The Impacts of Harmful Algae in a Lake
Algal blooms are a result of an overgrowth of microscopic algae in water bodies, as Karina Lakefront Maintenance explains. They normally produce foul-smelling, foam, froth and are sometimes toxic, depending on the type of algae. These blooms derive energy from the sun for them to grow rapidly and are slowly appearing in most reports on freshwater harmful algal blooms. This is due to them becoming an environmental problem in freshwater ecosystems like ponds, rivers, lakes, and reservoirs.
Algal blooms, which come in various colors like brown, blue-green, yellow, pink, and red, are not all toxic, but the majority are. Harmful algal bloom, commonly referred to as HAB, is an algal bloom that produces toxins that can harm water bodies and both humans as well as other organisms.
They can form in ponds, freshwater bodies, lakes, and even swimming pools making the water smelly and slimy. Wide stretches of coastlines and closing beaches have been vastly affected resulting in the formation of a foamy brownish-red coloration known as a red tide in the sea.
Let’s take a look at the impacts of harmful algae in a lake especially on the environment and human health.
The Impacts of Harmful Algae in a Lake
HABs which occur both in saltwater and freshwater environments have various harmful effects both on the environment as well as organisms. One of the top impacts is as a result of the toxins HABs produce. These toxins can kill aquatic animals like fish or shellfish directly or may sicken wildlife or humans after the ingestion of contaminated seafood or water.
The second impact is environmental degradation due to the accumulation of high biomass during algal blooms.
High Health Risk
Depending on the toxins ingested or involved, HAB toxins can cause harm to humans through human food poisoning syndromes. Due to excess nutrients in lakes, the bacteria cyanobacteria also known as blue-green algae gets the nutrients it needs to grow thus leading to an overgrowth.
The high density of cyanobacteria and other harmful organisms leads to the accumulation of scum on the lake surface and sometimes even discoloration of the water and therefore, giving it the name harmful algal blooms (HABs).
According to research, the increased nutrient levels in a lake are a result of human activities and cyanobacteria thrive in such. HABs formation has been used as an indicator of excess nutrient concentrations.
Cyanobacteria produce toxins cyanotoxins, hepatotoxins, derma toxins and neurotoxins that are harmful both to aquatic animals like fish, humans, mammals and birds. Neurotoxins mostly affect the nervous system, hepatotoxins the liver and dermatoxins the skin.
Effects include depletion of dissolved oxygen in the water body once the algal cells decay, light attenuation and clogging of fish gills which kills fish. Once fish die, this alters the food web dynamics since fish are a source of food thus altering the energy flow within an ecosystem.
In turn, there is a decrease in biodiversity and temporary or permanent damage to important habitats.
The skin can also be affected due to skin contact with some toxins during swimming or exposure to those present in the air. This is dangerous especially when algal blooms occur in drinking water supplies. Cyanotoxins can pose a danger to livestock, pets, and people that come in contact with the affected water.
Since algal blooms create a turbid (cloudy) underwater environment on water bodies. This prevents light penetration into the water and bottom-dwelling organisms, including plants. This affects organisms that depend directly or indirectly upon the underwater plants for their food supply and shelter.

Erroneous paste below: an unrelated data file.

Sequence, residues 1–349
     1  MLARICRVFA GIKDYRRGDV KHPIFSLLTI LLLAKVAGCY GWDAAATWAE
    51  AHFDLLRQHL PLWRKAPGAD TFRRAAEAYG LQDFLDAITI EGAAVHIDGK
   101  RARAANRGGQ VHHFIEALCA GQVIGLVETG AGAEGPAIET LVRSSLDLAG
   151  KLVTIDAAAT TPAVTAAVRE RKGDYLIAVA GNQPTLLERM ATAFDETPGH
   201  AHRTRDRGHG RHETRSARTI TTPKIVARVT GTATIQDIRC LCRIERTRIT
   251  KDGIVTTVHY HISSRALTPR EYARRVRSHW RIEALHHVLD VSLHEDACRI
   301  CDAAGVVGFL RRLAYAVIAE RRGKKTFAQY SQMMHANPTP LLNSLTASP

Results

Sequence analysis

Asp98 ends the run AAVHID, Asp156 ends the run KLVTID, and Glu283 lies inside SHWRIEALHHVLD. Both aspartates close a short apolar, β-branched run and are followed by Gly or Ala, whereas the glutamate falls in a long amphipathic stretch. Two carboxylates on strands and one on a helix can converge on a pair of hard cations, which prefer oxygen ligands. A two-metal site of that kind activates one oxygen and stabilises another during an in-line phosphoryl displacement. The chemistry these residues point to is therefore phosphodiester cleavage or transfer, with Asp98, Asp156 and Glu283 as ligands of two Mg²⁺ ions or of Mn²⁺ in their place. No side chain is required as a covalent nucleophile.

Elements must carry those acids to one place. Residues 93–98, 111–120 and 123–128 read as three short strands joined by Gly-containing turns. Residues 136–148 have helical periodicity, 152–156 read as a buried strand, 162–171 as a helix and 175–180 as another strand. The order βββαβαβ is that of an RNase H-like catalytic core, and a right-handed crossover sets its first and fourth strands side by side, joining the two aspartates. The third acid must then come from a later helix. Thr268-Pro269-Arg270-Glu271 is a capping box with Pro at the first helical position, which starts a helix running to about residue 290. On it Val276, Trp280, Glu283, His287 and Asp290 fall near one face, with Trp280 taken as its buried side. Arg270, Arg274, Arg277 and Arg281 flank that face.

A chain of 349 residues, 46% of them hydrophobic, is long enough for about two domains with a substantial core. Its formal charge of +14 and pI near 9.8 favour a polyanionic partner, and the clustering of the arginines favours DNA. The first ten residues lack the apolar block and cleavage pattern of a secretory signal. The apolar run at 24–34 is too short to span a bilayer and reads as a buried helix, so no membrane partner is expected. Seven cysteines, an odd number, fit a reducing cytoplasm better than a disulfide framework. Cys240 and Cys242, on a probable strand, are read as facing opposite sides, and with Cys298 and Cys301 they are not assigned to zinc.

HABs release toxins that can not only make fish sick but disrupt the production of large-scale fish due to sickness and even death of the fish. Algal blooms mostly golden algal blooms have over the years been on the rise after they worked their way up the food chain.
Mammals, birds, and other wildlife that rely on grasses, shellfish, or fish as a food source have been affected especially when these sources are tainted with toxins.
Unsafe Drinking Water
Recently, HABs’ impacts were noticed on drinking water supplies around the world. In some states, algal toxins (microcystin) were found to have grown beyond the safety threshold for drinking water. As a result, many people were sickened with others left without drinking water for days.
Also, some facilities have been threatened by toxic and non-toxic HABs, due to the presence of neurotoxins and skin-irritating compounds in the treated water supplied to households. Some of the toxins even caused damage to plant operations after the toxic compounds clogged intake filters and foul membrane surfaces.
Statistics show that there is a high likelihood that people drinking water from lakes and reservoirs might be exposed to contamination by algal toxins. While some resort to boiling HAB-contaminated water this doesn’t destroy toxins and can instead increase their concentration.
It’s therefore recommended that drinking water should undergo drinking-water treatment processes to remove algal toxins. The processing facilities should also be well maintained to remove any bacteria that may remain in the water.
Toxic HABs are not the only ones with harmful impacts. Nontoxic HABs also have harmful impacts called dead zones which affect aquatic ecosystems. These are areas in a water body with little to no oxygen that cause the death of aquatic life. Hypoxic zones are a result of eutrophication. Bacteria and algae can die and decompose using up most of the surrounding oxygen leading to the death of other organisms due to suffocation.
The HAB crisis is something that should be looked into and solutions found to combat the problem. This will help to protect their people from exposure to toxic blooms and reduce the growing prevalence of HABs which are harmful to human health, wildlife health, ecosystems and the economy.